Miles noted that the document is "very much a draft," and that the salary figures are preliminary.

Overall, the proposed compensation model is similar to the one being implemented in NES schools.

"It's exactly the same," Miles said. "The only difference on compensation is that NES schools use a hospital model" with higher base pay and more support staff for teachers.

For teachers, it won’t be easy to earn a top-tier rating. In fact, administrators will attempt to implement the system in a way that avoids too many teachers being ranked on the highest levels.

The plan suggests a "target distribution" where 20% of teachers fall into the top tiers, 40% are marked as "proficient," and the other 40% of teachers are evaluated as less than "proficient."

Houston Public Media obtained a separate document outlining the principal compensation and evaluation system, which is also based largely on standardized test results.

"It’s going to create a powerful incentive to not work in a school serving kids who need us the most," argued educator Ruth Kravetz, cofounder of Community Voices for Public Education, adding that the forced distribution of ratings could create an atmosphere of competition, dampening collaboration between teachers.

"If everything’s on a bell curve, it incentivizes people to hoard their skills," she said. "That’s totally inappropriate."

Steve Amstutz is a former Houston ISD teacher and principal. He's now with the Institute for Research & Reform in Education.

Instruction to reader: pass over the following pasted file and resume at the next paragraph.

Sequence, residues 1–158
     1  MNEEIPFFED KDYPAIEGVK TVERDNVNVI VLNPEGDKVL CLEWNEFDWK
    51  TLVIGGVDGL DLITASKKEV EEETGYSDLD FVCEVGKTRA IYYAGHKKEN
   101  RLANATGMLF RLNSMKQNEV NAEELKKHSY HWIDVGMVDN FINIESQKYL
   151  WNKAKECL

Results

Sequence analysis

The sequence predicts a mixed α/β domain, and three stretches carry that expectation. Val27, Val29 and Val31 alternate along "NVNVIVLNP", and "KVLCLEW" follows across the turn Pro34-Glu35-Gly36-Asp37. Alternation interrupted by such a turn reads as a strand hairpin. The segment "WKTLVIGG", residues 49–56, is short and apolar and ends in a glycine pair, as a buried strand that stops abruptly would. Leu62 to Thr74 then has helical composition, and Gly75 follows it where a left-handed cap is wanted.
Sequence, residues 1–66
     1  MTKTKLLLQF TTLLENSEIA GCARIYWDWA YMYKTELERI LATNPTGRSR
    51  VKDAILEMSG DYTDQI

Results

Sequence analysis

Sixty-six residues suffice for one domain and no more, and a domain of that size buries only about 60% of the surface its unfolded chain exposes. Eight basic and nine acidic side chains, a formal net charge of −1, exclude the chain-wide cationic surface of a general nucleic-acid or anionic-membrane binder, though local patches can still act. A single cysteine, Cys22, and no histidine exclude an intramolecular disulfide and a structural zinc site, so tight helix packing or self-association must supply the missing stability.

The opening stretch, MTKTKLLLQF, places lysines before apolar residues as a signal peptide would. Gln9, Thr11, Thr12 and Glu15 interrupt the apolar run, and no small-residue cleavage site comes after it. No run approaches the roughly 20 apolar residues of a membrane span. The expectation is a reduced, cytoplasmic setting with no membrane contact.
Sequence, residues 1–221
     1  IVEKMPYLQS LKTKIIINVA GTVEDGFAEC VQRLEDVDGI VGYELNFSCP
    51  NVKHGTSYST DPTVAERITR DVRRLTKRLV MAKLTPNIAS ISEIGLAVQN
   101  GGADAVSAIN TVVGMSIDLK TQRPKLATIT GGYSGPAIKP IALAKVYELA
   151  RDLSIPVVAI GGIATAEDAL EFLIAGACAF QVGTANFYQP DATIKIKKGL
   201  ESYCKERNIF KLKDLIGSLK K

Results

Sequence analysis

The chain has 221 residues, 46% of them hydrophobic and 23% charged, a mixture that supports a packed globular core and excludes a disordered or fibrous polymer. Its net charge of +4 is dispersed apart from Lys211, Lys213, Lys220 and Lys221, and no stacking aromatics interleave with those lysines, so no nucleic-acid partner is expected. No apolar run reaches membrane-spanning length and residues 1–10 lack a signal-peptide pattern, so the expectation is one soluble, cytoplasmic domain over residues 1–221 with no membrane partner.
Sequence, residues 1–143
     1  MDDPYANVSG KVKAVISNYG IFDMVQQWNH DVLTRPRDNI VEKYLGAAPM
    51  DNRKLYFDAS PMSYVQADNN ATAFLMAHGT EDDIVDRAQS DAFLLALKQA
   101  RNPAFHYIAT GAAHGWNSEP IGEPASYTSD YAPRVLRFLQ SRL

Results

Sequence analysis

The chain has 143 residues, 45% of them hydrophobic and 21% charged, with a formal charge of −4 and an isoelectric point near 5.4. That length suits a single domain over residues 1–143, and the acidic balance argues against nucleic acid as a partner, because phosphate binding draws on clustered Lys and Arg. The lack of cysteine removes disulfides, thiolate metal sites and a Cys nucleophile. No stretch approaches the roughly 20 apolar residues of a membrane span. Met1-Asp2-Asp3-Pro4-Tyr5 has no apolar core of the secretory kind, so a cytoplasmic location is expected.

"To create a structure that says, ‘We can only have a limited percentage of our people who are successful,' is very odd messaging to me," Amstutz said.

Miles argued that any large-scale evaluation should place people "into some sort of bell curve."

"What we have in education today is a situation where almost 97% of all teachers in America are ‘proficient,'" he said. "We know that’s not actually the case."

Under the district-wide plan, the administration will also claw back autonomy from many schools that have long been controlled more by campus principals than by Central Office. The plan calls for the creation of an "earned autonomy" system, with four levels of local campus control based largely on standardized test performance, as well as other metrics like staff attendance. Only 10% of schools are expected to fall into the top two autonomy brackets in the 2024-25 school year, when the district will remove autonomy from other campuses while also adding "supports," like "TEA-recommended material," additional training, "a culture of instructional feedback" and a tweaked staffing model.

"To me, it makes sense," said Judith Cruz, one of the elected Houston ISD board members who lost policy-making power after the Texas Education Agency installed Miles and a Board of Managers. "Education is one of the few places that we don’t evaluate or pay based on performance. In most industries, most places that you work, it’s based on performance."

Cruz said that the elected board "probably would have been probably pretty split" on district-wide, performance-based pay.